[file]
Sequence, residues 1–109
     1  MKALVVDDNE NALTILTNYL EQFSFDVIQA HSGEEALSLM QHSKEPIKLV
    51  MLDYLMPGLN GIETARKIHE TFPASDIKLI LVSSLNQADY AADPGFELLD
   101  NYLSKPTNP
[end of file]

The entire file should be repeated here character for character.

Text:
Sequence, residues 1–109
     1  MKALVVDDNE NALTILTNYL EQFSFDVIQA HSGEEALSLM QHSKEPIKLV
    51  MLDYLMPGLN GIETARKIHE TFPASDIKLI LVSSLNQADY AADPGFELLD
   101  NYLSKPTNP